Chicago has not had a Republican mayor since 1931, but it came close in 1983, when a state legislator named Bernard Epton attracted hordes of lifelong Democrats, only to fall just short.
You might assume Epton was a politician of rare gifts. In fact, he had only one. In a race against the first African-American to win the Democratic nomination for mayor, he was white -- and that was almost enough to win.
In the 1980s, Chicago politics were a bubbling cauldron of racial antagonisms. Harold Washington won in 1983 by mobilizing black voters, who were resentful of their treatment by the white mayor, Jane Byrne, and hungry to gain a new role at City Hall.
They turned out in huge numbers, and 99 percent of them voted for Washington -- compared to 19 percent of whites. Race was at the center of the acrimonious "council wars" of his first term as well as the stormy 1987 election, which Washington won shortly before dying of a heart attack.
In the 1960s, amid the civil rights movement, Atlanta called itself "the city too busy to hate." Chicago was not too busy to hate.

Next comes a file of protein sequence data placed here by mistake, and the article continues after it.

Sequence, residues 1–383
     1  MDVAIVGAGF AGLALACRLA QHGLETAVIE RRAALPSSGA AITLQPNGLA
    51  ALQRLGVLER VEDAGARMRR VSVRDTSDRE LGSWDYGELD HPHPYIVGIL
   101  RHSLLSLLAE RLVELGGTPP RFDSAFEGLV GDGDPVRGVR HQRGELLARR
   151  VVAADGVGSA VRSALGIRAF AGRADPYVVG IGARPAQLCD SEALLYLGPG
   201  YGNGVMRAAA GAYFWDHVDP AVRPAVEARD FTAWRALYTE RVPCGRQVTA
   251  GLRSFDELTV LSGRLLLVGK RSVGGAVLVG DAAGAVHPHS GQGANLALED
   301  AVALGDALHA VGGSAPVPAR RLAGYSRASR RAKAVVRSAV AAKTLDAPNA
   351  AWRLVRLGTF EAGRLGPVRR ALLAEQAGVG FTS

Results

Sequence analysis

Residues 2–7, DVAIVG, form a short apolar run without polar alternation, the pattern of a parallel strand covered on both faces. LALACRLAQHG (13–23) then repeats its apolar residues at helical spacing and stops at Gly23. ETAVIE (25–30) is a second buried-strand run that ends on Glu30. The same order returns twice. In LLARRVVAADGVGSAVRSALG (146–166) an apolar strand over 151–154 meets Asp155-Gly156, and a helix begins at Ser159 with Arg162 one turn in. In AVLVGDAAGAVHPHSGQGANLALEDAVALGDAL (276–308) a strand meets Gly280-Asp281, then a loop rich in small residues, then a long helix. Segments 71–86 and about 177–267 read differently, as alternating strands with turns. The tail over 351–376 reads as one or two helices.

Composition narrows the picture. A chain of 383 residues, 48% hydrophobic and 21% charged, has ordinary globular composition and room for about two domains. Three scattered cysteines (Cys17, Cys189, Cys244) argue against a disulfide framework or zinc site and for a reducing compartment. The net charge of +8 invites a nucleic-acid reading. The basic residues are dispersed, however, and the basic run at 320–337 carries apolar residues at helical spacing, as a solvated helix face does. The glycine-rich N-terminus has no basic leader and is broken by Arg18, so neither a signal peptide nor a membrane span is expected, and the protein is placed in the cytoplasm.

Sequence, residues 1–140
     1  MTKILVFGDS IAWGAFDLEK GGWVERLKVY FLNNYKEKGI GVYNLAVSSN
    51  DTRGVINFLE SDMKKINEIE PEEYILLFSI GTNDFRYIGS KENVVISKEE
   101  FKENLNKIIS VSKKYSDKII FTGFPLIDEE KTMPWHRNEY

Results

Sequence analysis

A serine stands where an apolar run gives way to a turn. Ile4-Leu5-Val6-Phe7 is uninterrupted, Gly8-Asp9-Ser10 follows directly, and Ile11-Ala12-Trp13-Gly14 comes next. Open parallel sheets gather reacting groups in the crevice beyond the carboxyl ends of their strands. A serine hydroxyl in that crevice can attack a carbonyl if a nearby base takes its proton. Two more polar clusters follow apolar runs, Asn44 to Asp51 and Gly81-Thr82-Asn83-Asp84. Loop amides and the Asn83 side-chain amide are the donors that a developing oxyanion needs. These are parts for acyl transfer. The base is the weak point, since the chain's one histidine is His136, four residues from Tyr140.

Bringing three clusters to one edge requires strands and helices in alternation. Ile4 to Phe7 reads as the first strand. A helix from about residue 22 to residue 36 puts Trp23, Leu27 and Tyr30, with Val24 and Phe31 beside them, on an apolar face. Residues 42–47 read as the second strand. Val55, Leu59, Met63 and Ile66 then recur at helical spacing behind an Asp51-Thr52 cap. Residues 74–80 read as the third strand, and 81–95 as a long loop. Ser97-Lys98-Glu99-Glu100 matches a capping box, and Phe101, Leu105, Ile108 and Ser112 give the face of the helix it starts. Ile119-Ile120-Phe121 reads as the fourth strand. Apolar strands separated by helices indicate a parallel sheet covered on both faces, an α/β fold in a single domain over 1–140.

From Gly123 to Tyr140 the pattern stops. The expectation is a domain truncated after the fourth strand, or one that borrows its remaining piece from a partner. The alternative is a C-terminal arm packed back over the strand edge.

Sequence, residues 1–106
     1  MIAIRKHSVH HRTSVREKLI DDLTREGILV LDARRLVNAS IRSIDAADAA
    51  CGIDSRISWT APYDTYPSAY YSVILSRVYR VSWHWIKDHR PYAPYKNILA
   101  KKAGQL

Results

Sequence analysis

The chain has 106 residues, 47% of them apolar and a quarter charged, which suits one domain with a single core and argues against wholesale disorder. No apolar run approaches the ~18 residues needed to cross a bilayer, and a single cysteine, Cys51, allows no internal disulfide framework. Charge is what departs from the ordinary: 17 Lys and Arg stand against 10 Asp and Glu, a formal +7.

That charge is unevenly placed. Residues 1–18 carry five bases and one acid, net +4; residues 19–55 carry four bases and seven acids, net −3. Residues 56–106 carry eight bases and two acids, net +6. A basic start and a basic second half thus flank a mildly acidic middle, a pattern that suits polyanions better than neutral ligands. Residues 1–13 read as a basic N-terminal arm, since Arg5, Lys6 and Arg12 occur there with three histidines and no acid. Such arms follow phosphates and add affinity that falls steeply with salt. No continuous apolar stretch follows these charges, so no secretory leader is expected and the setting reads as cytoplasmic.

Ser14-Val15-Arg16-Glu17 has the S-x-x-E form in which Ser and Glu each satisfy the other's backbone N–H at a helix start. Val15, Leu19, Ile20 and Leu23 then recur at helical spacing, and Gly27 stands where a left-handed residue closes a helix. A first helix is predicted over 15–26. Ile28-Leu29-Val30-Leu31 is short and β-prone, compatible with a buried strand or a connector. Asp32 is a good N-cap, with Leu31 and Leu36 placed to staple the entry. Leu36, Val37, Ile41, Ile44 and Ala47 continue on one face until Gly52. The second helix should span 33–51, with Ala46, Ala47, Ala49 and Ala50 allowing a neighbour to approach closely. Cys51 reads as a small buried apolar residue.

But this year's mayoral race has been a picture of racial calm. In fact, in the latest Tribune/WGN poll, the city's blacks and whites are in accord on one thing: the wisdom of electing Rahm Emanuel. With a big lead in the poll, Emanuel now commands nearly as much support among African-Americans (48 percent) as among whites (55 percent).
It was not clear at the outset that things would go this way. In fact, after three black candidates lined up to run, pressure from Jesse Jackson and others persuaded two of them to withdraw. The goal was to unify African-American citizens behind a "consensus" black candidate, who turned out to be Carol Moseley Braun.
When U.S. Rep. Danny Davis pulled out, he was not bashful about the reason. "The realities are that when our community comes together, as the song says, ain't no stopping us now," he said.
But the realities of Chicago politics have changed. It's not that race has disappeared as an element in voter decisions. It's just that other matters loom bigger. For that, we can thank three people:
Bill Clinton. Emanuel has benefited greatly from his association with the man known as "the first black president." It was not hard for black activists to portray Byrne as an enemy after she dumped blacks from the school board and the housing authority. Black voters needed no encouragement to detest Epton, whose unsubtle campaign slogan was "Before it's too late."
But Emanuel, whose former boss campaigned for him, gained immunity to such charges with his service to Clinton. Working for Barack Obama didn't hurt, either. Emanuel might evoke indifference among blacks. He could not possibly evoke fear.